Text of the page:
Cal­i­for­nia girl

Song of Style is the ve­hi­cle for Los An­ge­les-based In­sta­gram dar­ling AIMEE SONG. In Seoul, she chats with KIM BUI KOL­LAR about her ar­dent fol­low­ing

#Legend - - ICON - Pho­tog­ra­phy / Ja­copo Moschin Styling / Kim Bui Kol­lar Fash­ion / Louis Vuit­ton

AIMEE SONG has 4.6 mil­lion In­sta­gram fol­low­ers and that amounts to some ma­jor so­cial cur­rency. To­day that’s al­most all you need in the way of an in­tro­duc­tion, with­out be­ing a tra­di­tional celebrity or the off­spring of one, On a re­cent trip for a pho­to­shoot in Seoul, the bub­bly Los An­ge­les-based in­te­rior de­signer and blog­ger (aka @songof­style) re­veals some se­crets to her In­sta­gram suc­cess.

When I meet her in her ho­tel room, Aimee (pro­nounced “ahh-mee”) is in hair and make-up, sur­rounded by a group of young women tend­ing to her beauty needs. I get com­fort­able on the couch next to her chair as she’s get­ting the fin­ish­ing touches done on her hair. Armed with my ques­tions in my head, I take a breath be­fore I start. But she beats me to the punch: “When did you get to Seoul? Are you lov­ing it?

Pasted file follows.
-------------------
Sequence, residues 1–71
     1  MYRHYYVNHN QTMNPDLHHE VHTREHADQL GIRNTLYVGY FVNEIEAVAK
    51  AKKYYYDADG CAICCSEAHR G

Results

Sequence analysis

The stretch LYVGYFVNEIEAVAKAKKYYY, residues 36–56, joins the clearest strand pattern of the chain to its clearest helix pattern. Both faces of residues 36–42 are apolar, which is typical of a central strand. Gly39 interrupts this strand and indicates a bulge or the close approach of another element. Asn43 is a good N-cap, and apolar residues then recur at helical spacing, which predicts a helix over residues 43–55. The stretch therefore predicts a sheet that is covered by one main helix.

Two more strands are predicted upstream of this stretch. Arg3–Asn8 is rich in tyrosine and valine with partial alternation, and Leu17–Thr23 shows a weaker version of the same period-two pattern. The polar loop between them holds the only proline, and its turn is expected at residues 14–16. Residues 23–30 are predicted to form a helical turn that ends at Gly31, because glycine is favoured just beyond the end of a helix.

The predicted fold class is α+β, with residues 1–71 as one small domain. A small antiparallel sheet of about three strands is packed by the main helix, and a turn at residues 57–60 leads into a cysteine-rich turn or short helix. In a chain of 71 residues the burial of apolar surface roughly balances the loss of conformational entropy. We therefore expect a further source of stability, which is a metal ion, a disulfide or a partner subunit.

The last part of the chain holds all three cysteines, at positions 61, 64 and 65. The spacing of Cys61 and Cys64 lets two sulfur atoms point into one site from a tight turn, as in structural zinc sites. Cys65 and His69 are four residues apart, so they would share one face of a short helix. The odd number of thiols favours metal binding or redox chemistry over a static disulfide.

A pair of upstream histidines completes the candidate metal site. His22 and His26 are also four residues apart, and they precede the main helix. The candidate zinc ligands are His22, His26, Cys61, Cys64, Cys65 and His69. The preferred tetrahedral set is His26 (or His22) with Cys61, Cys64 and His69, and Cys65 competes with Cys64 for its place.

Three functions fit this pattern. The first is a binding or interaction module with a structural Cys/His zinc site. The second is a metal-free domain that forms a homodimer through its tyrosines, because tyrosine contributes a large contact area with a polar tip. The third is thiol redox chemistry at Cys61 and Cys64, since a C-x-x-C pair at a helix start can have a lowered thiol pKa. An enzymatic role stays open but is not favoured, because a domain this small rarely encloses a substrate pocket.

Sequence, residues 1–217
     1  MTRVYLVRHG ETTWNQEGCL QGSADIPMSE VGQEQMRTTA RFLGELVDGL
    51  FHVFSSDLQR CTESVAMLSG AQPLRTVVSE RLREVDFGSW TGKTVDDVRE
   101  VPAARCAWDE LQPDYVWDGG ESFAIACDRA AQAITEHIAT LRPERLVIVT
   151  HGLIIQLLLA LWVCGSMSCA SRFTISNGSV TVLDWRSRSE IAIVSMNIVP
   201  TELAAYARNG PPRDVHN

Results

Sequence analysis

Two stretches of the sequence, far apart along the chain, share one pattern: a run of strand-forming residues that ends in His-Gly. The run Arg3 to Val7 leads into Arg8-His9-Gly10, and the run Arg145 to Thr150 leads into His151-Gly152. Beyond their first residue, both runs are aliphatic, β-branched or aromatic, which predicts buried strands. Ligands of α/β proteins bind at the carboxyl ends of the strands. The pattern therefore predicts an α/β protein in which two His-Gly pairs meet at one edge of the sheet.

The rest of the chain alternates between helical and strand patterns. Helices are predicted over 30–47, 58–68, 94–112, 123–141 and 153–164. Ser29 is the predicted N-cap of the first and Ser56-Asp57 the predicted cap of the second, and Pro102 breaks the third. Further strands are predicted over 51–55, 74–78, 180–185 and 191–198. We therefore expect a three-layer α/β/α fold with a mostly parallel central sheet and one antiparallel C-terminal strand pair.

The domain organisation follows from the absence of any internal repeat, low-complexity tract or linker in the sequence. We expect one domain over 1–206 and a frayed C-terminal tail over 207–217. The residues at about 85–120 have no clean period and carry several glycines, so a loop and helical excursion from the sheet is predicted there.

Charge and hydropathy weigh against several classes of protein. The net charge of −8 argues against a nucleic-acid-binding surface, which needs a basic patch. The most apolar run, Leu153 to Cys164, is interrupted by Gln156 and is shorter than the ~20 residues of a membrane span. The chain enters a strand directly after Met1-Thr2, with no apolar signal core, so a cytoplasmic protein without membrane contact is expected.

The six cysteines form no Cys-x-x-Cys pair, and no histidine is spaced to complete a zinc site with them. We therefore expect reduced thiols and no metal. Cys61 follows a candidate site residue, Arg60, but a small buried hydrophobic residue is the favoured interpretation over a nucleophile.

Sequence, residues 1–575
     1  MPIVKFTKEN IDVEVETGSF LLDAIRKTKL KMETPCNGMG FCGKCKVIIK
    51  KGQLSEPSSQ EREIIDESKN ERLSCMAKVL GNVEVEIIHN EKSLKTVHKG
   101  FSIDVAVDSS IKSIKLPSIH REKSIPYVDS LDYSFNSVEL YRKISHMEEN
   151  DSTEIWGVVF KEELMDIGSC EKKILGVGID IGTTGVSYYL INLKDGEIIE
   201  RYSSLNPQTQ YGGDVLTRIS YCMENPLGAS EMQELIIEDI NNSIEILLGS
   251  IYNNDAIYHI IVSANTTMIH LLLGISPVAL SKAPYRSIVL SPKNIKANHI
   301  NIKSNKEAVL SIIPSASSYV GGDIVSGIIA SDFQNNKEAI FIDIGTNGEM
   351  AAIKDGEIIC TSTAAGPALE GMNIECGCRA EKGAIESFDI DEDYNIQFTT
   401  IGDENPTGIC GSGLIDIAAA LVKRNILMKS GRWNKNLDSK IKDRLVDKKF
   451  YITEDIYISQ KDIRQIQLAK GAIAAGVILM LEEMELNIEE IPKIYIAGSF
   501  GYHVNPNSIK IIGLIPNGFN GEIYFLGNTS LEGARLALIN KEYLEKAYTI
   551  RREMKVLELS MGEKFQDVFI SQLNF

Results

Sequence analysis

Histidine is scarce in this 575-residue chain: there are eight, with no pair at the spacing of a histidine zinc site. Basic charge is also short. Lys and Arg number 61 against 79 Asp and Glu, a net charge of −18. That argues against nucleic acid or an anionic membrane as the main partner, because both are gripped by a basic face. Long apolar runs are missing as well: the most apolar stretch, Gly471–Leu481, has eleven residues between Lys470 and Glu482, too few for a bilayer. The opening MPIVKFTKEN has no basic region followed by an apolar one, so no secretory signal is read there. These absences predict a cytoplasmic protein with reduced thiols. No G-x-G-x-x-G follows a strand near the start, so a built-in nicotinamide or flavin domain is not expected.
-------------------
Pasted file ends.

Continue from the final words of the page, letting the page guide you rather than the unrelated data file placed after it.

I haven’t seen you since Paris.”

I han­dle most of the talk­ing as we do the req­ui­site warm-up chat. Aimee asks loads of ques­tions about my his­tory and my re­la­tion­ship with the de­sign­ers she’s seen me with. And she asks with such gen­uine in­ter­est and deft­ness, I al­most for­get who’s sup­posed to be­ing in­ter­view­ing who – well, al­most. As the beauty team fin­ishes, Aimee takes a pho­to­graph with ev­ery­one and asks for all of their so­cial me­dia monikers in Korean for tag­ging pur­poses.

We hop into a black Mercedes with her pho­tog­ra­pher boyfriend, Ja­copo, and there’s even more shar­ing. Like a see-saw, the con­ver­sa­tion is a con­stant back-and-forth as she asks to see pho­tos of my fam­ily; she com­ments on my kids, in­clu­sively pass­ing the phone to Ja­copo in the front. Aimee is a true South­ern Cal­i­for­nia girl – and those from Cal­i­for­nia know